22 September 2000
Recognizing that malaria is often overlooked by the international community, Olympic athletes from Ethiopia, Nigeria, Senegal, South Africa and Tanzania are backing a global movement to tackle the malaria problem—Roll Back Malaria (RBM). Their support helps to raise awareness of the disease internationally and ensure that information about how best to prevent the disease is communicated to those affected.
Malaria, a preventable, but often fatal, disease, affects more than 90 countries in the world including most African countries, according to the World Health Organization (WHO). Most adults in East, West and Southern Africa will have had the killer disease at some point in their lives. The disease kills more than one million people a year world-wide and more than 300 million fall sick with malaria. Pregnant women and children under five years of age are most at risk.
Many athletes taking part in the Sydney Olympics have not only had to face the same vigorous training programmes as other athletes, but they have also had to overcome the life-threatening disease. The athletes mentioned below have pledged their support for Roll Back Malaria. Here is what they have to say:
"Malaria is a fact of life for most African people, but it should not have to be. It interrupts daily life—keeping adults away from work, children away from school and sports people out of training—at worst, it is a killer. Malaria is endemic in Tanzania and one of the major killers in my country, especially in rural areas." —Restituta Joseph Kemi, Tanzanian Olympic Team Captain, 10,000 meter runner and malaria survivor.
"It is important, while the eyes of the world are on us, to remind everyone that malaria continues to blight the people of Africa. Roll Back Malaria needs more people from around the world to support its important work. The challenge of Olympic athletes is to take home medals. The challenge for many people is surviving malaria." —Fokasi Wilbroad Fullah, Tanzanian marathon runner and malaria survivor.
"As an athlete and malaria sufferer, I am pleased to endorse Roll Back Malaria. Malaria causes extreme poverty and it affects all people, regardless of their lifestyle." —Oumar Loum, Senegalese 200 meter sprinter and malaria survivor.
"Communities, governments and international bodies must work closely together and fight malaria to ensure a future for Africa’s youth." —Aida Diop, Senegalese sprinter and malaria survivor.
"Malaria is a real problem in Nigeria. More needs to be done to tackle it and save the lives of our children." —Mercy Nku, Nigerian sprinter.
"The fight against malaria must continue and increase. We should not have to accept this disease." —Tsegaselassie Aregawi, Ethiopian boxer and malaria survivor.
"The South African Olympic team gives its complete support for the Roll Back Malaria campaign at the Olympics.Malaria affects northern and border regions of our country and has a terrible impact on Africa as a whole. We are happy to use whatever influence we can during these Games to encourage people around the world to confront the issue." —Dan Moyo, Secretary General and Mission Chief for the National Olympic Committee of South Africa (NOCSA).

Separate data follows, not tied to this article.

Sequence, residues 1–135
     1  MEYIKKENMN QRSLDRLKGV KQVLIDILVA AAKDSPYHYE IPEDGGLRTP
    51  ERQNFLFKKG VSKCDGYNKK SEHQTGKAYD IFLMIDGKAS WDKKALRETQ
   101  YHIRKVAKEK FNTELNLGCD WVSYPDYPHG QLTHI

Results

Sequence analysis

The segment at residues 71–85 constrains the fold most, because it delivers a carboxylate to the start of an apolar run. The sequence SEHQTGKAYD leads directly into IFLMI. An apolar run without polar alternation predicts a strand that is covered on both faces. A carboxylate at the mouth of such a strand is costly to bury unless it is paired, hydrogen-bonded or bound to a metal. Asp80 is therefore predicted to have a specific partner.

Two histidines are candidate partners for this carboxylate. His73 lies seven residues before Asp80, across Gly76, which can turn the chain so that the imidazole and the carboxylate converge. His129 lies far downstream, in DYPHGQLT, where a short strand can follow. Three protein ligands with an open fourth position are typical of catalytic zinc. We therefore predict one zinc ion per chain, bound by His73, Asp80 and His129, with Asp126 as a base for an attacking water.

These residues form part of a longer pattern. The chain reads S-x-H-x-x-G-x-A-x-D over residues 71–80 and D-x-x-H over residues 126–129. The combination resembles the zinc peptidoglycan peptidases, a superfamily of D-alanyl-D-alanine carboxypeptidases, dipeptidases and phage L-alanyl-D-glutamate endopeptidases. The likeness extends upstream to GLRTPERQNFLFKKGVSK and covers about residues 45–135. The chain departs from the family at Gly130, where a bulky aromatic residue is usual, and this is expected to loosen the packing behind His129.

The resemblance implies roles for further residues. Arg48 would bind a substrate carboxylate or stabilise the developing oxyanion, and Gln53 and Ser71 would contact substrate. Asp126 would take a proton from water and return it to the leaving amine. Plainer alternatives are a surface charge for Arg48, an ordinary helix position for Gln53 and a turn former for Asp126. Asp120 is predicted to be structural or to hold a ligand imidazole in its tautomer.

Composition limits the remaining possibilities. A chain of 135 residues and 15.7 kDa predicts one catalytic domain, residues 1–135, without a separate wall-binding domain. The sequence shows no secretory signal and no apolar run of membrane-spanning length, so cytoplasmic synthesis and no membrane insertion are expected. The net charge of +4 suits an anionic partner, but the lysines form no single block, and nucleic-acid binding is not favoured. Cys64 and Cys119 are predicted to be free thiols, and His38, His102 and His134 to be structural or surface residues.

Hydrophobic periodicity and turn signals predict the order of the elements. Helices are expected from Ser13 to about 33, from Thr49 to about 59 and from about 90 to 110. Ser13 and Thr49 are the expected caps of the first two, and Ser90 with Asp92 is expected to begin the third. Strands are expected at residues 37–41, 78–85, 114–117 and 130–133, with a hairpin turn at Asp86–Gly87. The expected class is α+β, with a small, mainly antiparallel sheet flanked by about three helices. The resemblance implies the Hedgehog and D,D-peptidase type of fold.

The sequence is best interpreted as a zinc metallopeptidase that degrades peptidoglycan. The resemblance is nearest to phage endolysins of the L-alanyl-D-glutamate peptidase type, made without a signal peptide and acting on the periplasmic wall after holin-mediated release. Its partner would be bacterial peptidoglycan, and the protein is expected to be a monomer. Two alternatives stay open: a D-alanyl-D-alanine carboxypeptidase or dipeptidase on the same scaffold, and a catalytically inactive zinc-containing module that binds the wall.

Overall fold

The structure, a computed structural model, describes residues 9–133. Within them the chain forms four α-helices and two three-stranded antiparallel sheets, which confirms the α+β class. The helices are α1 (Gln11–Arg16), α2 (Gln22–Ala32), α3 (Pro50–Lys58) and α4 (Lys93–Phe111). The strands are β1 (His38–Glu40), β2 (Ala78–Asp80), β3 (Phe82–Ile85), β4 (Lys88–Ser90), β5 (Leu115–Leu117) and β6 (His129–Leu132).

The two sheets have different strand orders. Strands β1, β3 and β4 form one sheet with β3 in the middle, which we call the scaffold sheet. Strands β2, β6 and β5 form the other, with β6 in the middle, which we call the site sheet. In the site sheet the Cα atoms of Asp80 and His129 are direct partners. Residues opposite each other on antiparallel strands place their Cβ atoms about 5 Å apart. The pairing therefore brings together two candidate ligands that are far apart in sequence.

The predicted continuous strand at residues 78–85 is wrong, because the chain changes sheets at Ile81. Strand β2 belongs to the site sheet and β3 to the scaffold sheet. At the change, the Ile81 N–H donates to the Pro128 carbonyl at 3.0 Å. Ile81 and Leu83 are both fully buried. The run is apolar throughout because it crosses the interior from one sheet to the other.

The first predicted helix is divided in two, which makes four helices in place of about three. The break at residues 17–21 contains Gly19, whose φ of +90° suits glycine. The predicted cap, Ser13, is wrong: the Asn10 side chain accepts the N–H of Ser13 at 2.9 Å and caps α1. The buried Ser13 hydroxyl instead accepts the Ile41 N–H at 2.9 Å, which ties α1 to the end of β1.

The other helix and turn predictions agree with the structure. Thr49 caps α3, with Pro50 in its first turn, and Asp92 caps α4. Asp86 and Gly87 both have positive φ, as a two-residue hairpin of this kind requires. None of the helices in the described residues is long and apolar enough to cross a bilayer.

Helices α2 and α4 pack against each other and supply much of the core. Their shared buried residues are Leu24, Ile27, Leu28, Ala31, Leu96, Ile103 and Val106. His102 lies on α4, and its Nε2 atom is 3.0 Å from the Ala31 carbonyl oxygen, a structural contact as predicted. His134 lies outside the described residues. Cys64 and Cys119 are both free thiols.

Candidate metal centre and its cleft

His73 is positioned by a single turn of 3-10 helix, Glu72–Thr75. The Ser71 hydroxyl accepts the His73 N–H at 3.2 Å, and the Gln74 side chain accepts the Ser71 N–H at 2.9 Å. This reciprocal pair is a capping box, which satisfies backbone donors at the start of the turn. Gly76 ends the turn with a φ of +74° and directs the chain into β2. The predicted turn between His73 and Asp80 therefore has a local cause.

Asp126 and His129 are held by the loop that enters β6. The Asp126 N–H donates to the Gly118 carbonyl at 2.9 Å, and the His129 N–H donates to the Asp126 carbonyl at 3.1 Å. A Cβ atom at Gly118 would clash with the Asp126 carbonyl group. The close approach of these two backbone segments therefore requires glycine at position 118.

"South Africa is not affected by malaria in the same way as other African countries, but as African athletes we feel it is important to support Roll Back Malaria. We want to do whatever we can." —Alison Dare, South African hockey ace.
Roll Back Malaria was set up in 1998 by WHO and other partners—including United Nations agencies, governments, development banks, bilateral development agencies, non-governmental organizations, civil society and individuals—at the request of African countries, as they searched for increased progress in malaria control. Olympic athletes are the latest to support the movement. After the Olympics, Roll Back Malaria plans to involve athletes in activities to mark the first Africa Malaria Day on 25 April 2001.
Roll Back Malaria seeks to increase the numbers of people with access to effective malaria interventions, improving both prevention and treatment and also supporting research into better drugs and a possible vaccine. It aims to halve malaria deaths by 2010. Malaria can be prevented by the use of mosquito nets or by taking anti-malarial drugs. You can find out more about getting involved in Roll Back Malaria by visiting the web site: http://www.rbm.who.int
Further information: National mission chiefs and athletes can be contacted through the team offices at the Sydney Olympic Village; main switchboard telephone number: +61 2 811 35222. Support for the RBM Olympic initiative has come from the mission chiefs of the National Olympic Committees for Ethiopia, Nigeria, Senegal, South Africa and Tanzania. Athletes supporting Roll Back Malaria include: Tsegaselassie Aregawi (Ethiopia); Bosede Kaffo and Mercy Nku (Nigeria); Oumar Loum and Aida Diop (Senegal); Llewellyn Herbert, John Laffne Dejager, Alison Dare, Charlene Woodstock, Clint Alfino and Okkert Birts (South Africa); Restituta Joseph Kemi and Fokasi Wilbroad Fullah (Tanzania). Information in South Africa can be obtained from Carrie Hulme, Arcay Corporate Communications; Telephone: +27 11 480 8757.
For more information on the WHO Roll Back Malaria programme, please contact Mr Gregory Hartl, WHO Spokesperson; Telephone: +41 22 791 4458, Mobile: +41 79 203 6715, Fax: +41 22 791 4858, E-mail: firstname.lastname@example.org or Roll Back Malaria Media Officer, Mr Andy Seale; Mobile: +41 79 217 3476; Telephone in Geneva: +41 22 791 3670, E-mail: email@example.com All WHO press releases, fact sheets and features, as well as other information on the subject, can be found on Internet on the WHO web site: http://www.who.int